possible métathèse consonantique, comme on en trouve en français,
      /formage/ > /fromage/, et en grec – les exemples sont empruntés à la
      /Gramatyka historyczna języka greckiego/ – « Grammaire historique
      de la langue grecque » – d'Oktawiusz Jurewicz –, θράσος / θάρσος,
      δίφρος / δρίφος, τάφρος / τράφος…
    • OSCAR HERRE
      ju haf wintrus-winter.....ju haf asan-summer-time of harvest......ju haf brunni-spring......jah ju haf gadrah-fall........wen ,ik im raight mith thizos
      Message 70 of 70 , Oct 22, 2012
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        ju haf wintrus-winter.....ju haf asan-summer-time of harvest......ju haf brunni-spring......jah ju haf gadrah-fall........wen ,ik im raight mith thizos insahts......

        --- On Mon, 10/22/12, autoreport <griffon77@...> wrote:


        From: autoreport <griffon77@...>
        Subject: [gothic-l] Re: Gothic Year/Season Words
        To: gothic-l@yahoogroups.com
        Date: Monday, October 22, 2012, 11:23 PM



         



        Athana- is a Latinized version of the original Gothic in names such as Athanaildus and Athanaricus, apparently through analogy with unrelated Greek Athanasios. The Gothic word is recorded in the compound at-athni "this year" (dative). The only known cognate is Latin annus, primitive *atnos. While yer/jer is directly cognate with other Germanic words for year, it is more distantly related to Greek hora "season" (a different grade of the European root). Counting years by winters is simply analogous to counting days by nights (a se'ennight, a fortnight etc.). We commonly count "how many sleeps", "how many winters". While "season" may have been a primitive sense of year, it was not a specific season (summer, lenten, winter, harvest), but a season in the broadest sense—a span of time.

        --- In gothic-l@yahoogroups.com, "akoddsson" <konrad_oddsson@...> wrote:
        >
        > --- In gothic-l@yahoogroups.com, Michael Erwin <merwin@> wrote:
        > >
        > > My understanding was that Gothic 'athana' meant 'year.'
        > >
        > > 'Juleis' (?) would be a two-month season around November-December,
        >
        > This is the reconstructed meaning via the Norse word y:lir (<Proto-
        > Norse *jiulijaz), which means just that. Yule itself would, however,
        > be *jiula, neut.pl., in Gothic (compare Norse jo:l, Gutnish jaul -
        > both neut.pl., a-stem). Juileis is found, of course, on the Gothic
        > calender fragment, where its meaning is less than obvious, while at
        > the same time seemingly refering to a period of time/month(s).
        >
        > > and 'wintrus' would (presumably) be a(nother) two-month season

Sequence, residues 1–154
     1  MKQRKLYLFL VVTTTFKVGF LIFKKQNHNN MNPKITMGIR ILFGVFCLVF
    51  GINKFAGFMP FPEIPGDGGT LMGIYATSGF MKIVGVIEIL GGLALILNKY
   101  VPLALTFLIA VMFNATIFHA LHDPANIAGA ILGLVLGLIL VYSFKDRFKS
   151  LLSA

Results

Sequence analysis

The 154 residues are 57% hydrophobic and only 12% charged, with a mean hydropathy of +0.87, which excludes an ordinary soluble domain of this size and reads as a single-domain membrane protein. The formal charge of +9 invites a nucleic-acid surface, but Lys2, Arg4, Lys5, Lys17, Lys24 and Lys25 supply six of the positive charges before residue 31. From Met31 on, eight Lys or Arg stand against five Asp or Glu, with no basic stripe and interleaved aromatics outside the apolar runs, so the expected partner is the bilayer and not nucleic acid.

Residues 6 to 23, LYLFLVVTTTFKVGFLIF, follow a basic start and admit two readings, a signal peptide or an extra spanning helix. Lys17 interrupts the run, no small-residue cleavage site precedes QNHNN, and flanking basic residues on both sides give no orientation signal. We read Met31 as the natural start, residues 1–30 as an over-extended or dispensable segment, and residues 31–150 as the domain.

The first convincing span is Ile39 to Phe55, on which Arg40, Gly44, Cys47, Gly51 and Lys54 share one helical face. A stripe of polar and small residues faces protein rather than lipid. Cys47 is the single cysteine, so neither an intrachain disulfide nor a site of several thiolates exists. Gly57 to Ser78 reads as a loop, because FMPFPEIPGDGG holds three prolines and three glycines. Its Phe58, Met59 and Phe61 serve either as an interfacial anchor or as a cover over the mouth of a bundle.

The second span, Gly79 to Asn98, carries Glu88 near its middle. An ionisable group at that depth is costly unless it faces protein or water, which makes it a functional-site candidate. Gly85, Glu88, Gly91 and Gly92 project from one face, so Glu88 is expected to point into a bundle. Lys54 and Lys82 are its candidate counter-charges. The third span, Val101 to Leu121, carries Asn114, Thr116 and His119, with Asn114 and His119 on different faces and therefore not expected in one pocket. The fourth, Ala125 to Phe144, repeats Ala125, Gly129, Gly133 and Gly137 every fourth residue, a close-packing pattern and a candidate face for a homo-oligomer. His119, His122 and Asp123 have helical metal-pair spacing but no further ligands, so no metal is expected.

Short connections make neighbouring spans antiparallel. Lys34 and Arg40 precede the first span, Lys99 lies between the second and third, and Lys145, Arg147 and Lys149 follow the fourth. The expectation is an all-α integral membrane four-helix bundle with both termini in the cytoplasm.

> around January-February, although the part can refer to the whole (as
        > in modern English: '# winters old').
        >
        > Phrases like 'X winters old' (counting age in winters/years) are very
        > typically Norse. Indeed, they seem to have been universal there. One
        > could likely reconstruct this for Gothic, as well, if parallels are
        > not already found in writing (Wulfila), in which case we should look
        > to these first. However, I do not imagine that wintrus can mean a two-
        > month period; rather, it would refer to a longer period. In Norse,
        > from which the Gothic-year/year-terminology is usually reconstructed.
        > winter is one half of the year (6 months), technically speaking (mid-
        > Oktober- mid-April), the other half being summer (sumar). There are a
        > variety of terms for autumn/fall and spring, but the basic division
        > was still winter-summer (50/50). The old tradition of telling age in
        > winters would also, it seem, reflect this tradition.
        >
        > > I figured that 'jer,' like 'wintrus,' had referred to one season
        > and (by extension) to the year, and had later displaced 'athana.'
        >
        > Well, year could also mean 'crops/wealth/produce(of the land)' in
        > Norse, as well as being a designation equivalent to ME 'year'. This
        > meaning must be ancient, as the Norse were required by law in heathen
        > times to sacrifice for 'good year' at fixed annual assemblies. Here
        > the meaning seems to be 'harvest/produce of the land', rather than a
        > fixed period of time. Thus, it would seem that the word could have
        > different, but related, meanings. I suspect that this would also hold
        > true for the Gothic term 'je:r'.
        >
        > Regards,
        > Konrad
        >